Separation of Nitrogen from Liquid or Vapor

Elemental nitrogen, as the gas, makes up more than 78% of the Earth's atmosphere. Nitrogen is also the primary building block for several classes of chemical compounds that can be manipulated with ion exchange resins. In industry, nitrogen plays its largest role in the form of ammonia, which is the feedstock for the production of many useful compounds such as nitric acid, the nitrates, and thiocyanates.

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Drinking Water


Nitrate and nitrite are the more common nitrogen contaminants of drinking water. Since anion exchange resins are generally more selective for sulfate over nitrate, the capacity of a resin for nitrate removal will be limited by the concentration of sulfate. If the ratio of sulfate to nitrate is low, a high capacity resin like AmberLite™ PWA15 Resin is recommended. If the ratio of sulfate to nitrate is high, DuPont's nitrate-selective AmberLite™ PWA5 Resin should be considered.

Reverse-flow, packed bed systems are recommended for nitrate removal. These systems yield lower nitrate leakage, lower waste volume and the most efficient regeneration. UPCORE™ and AMBERPACK™ Packed Bed Systems, combined with AmberLite Resins, provide an excellent solution for nitrate removal challenges.

These resins may be subject to drinking water application restrictions in some countries. Please check the application status before use and sale.




Nitrate and nitrite are anions that can be removed with an anion exchange resin. When these anions are present as acids, they can be most efficiently removed from solution with a weak base anion exchange resin like AmberLyst™ A21 Resin, an acid absorber. When nitrate and nitrite are present as salts, they can be removed with a strong base Type I anion exchanger like AmberSep™ 21K XLT Resin or with a strong base Type II anion exchanger like AmberLite™ HPR4100 Cl Resin. Both Type I and Type II anion resins can strip nitrates from a stream, but the Type II resin is easier to elute and regenerate than the Type I resin. Regeneration for a Type II resin in this application can be accomplished using a brine solution.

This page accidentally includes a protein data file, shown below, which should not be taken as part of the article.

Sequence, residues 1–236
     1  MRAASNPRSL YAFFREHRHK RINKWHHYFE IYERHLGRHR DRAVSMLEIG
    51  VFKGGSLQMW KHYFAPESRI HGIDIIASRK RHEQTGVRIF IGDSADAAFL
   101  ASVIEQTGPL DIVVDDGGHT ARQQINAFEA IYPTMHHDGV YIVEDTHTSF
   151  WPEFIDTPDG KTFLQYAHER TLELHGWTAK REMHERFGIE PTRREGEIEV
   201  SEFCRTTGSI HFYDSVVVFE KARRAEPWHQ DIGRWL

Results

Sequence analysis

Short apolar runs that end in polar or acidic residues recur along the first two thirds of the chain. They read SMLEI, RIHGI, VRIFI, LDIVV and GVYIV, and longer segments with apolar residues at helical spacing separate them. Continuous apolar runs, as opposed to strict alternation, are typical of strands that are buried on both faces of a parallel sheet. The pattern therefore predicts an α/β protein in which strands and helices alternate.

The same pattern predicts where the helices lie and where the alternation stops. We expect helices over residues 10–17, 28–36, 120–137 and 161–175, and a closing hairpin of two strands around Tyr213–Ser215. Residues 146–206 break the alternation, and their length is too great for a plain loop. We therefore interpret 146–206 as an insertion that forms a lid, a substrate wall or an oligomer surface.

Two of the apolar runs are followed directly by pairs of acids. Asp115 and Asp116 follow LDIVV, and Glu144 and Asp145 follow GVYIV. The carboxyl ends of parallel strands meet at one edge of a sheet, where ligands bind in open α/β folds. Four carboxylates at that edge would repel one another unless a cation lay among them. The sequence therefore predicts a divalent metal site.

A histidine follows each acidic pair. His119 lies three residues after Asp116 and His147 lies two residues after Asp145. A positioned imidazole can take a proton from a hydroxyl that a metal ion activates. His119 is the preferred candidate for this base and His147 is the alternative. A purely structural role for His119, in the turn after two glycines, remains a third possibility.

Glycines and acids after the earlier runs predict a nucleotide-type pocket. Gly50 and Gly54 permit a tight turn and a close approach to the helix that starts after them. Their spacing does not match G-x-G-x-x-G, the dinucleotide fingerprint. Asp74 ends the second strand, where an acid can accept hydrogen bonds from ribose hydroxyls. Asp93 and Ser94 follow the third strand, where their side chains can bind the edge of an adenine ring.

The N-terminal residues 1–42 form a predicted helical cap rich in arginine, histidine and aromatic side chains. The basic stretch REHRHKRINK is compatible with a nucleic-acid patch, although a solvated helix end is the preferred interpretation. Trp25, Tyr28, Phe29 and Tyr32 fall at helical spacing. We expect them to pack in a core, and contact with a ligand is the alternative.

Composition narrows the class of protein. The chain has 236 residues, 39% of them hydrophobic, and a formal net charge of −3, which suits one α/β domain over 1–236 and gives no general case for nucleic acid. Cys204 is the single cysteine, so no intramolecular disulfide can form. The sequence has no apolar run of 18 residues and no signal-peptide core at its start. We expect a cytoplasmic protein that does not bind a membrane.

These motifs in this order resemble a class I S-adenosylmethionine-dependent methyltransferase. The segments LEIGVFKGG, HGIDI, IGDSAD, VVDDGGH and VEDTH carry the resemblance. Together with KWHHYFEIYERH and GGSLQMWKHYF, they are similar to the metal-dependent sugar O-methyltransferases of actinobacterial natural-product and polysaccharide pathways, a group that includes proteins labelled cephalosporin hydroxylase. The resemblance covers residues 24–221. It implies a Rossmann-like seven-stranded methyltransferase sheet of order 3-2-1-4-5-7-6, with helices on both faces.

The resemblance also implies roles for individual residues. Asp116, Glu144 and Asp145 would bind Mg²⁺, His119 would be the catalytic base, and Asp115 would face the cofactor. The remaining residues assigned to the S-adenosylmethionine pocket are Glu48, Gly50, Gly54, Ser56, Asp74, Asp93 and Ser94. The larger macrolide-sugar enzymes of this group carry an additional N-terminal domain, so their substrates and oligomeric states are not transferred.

Ammonia acts like a cation when it is protonated; therefore, it can be removed from air and liquids with a strong acid cation exchange resin or a weak acid cation exchange resin. When ammonia is present as the free base, a weak acid cation exchanger like AmberLite™ IRC83 H Resin is preferred due to its higher capacity and higher regeneration efficiency. But a weak acid cation resin will only work when the ammonia is present as the free base; if it is present as a salt, a strong acid cation resin is needed to split the salt. AmberSep™ G26 H Resin is a tough and versatile strong acid cation exchanger.

Primary, secondary and tertiary amines can be protonated to become cations which can be removed with a strong acid cation exchanger like AmberSep™ G26 H Resin, but it must be used in the H form.

Quaternary amines are already cationic and readily removed with AmberSep™ G26 H Resin. Heterocyclic amines can be similarly treated.


Removing Lubricants from Compressed Gases


Since N2 gas is often used in a compressed form, it may be contaminated with compressor lubricants.

AmberSorb™ V493 Polymeric Adsorbent has been shown to work well to remove these compressor lubricants from compressed gas streams1 and AmberSorb™ V503 Polymeric Adsorbent could also be tested for comparison.





  1. "Removal of oil from compressed gas with macroporous polymeric adsorbents" by Bowman, R.H. and Goltz, H.R. US Patent 5,700,310, MG Generon, December 23, 1997.